This post was originally written on the Home Value Leads blog entitled "Zillow Trulia Merger? I'm Not Worried..." This article has been updated to reflect the official merger announcment which does change the point of this article at all.
Rumors have exploded once again surrounding Trulia. Just over a month ago, there was rumor of a potential Trulia Move, Inc merger which has never come to pass. This time the rumor involves Zillow buying Trulia according to multiple sources such as CNBC and Bloomberg. [Update: Zillow and Trulia have officially announced their intentions to merge. Read the announcement here.] Let me explain to you why I'm not worried about a Zillow Trulia merger.
The Zillow Trulia merger is not a surprise to anyone who knows the stocks of these companies well. There are a few major players who own large chunks of both companies, making approval from the stockholders almost guaranteed. There is another approval, however, that is needed even more - the FTC, which won't be nearly as easy to secure.
For those of you not familiar with business mergers of publicly traded companies, the Federal Trade Commission, or FTC, is charged with protecting both the consumer and protecting competition. The FTC is who stepped in and fined companies like Google and Microsoft, and the ones who stepped in to stop the merger between AT&T and T-Mobile, citing competition concerns. They have some pretty wide reaching powers and they use those to protect the consumer. In this case, the consumer would be the general public who consumes the information as well as real estate agents and brokerages who pay the majority of the bills At Zillow and Trulia.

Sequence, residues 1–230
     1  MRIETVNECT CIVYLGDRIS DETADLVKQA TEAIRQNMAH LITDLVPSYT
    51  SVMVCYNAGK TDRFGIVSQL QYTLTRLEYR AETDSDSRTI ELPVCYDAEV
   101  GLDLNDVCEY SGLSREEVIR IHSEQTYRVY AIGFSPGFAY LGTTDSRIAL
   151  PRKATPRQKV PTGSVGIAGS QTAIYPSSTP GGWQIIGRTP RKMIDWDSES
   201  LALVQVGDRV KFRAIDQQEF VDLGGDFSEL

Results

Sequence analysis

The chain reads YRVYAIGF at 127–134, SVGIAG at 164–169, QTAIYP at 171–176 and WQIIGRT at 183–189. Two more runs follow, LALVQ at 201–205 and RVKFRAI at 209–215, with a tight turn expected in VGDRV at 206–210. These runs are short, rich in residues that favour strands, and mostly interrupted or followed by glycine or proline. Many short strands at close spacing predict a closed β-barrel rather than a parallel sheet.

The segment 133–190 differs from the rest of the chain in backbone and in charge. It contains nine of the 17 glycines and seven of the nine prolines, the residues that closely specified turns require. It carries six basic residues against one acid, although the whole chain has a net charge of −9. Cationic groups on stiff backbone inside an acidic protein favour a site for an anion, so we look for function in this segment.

A report from Inman News on real estate traffic shows that Zillow and Trulia combined for 79.6 million total visits, or just over 25% of all real estate website traffic. While 25% is a large number, it wouldn't normally phase the FTC or prevent them from approving the Zillow Trulia merger. However, when you look at the rest of this list, you will notice that many of the names in the top 20 are actually fed through Zillow or Trulia. According to ComScore, these 2 sites make up approximately 89% of all traffic to the 15 most visited real estate websites. This is the point where the FTC should start taking a hard look at the Zillow Trulia merger and say "whoa." When a single company would control nearly 90% of all real estate traffic in the United States, there should be concerns. Heck, they even blocked a PREZEL merger.
It will be very interesting to see how the Zillow Trulia merger proceeds and what information they present to defend such a monopoly of power. Once the FTC steps in, they will have a public comment period where you can voice your approval or disapproval of such a merger. We will let you know when that happens. Until then, please feel free to voice your opinions below!
Photo credit: Inman.com and Experian Marketing Services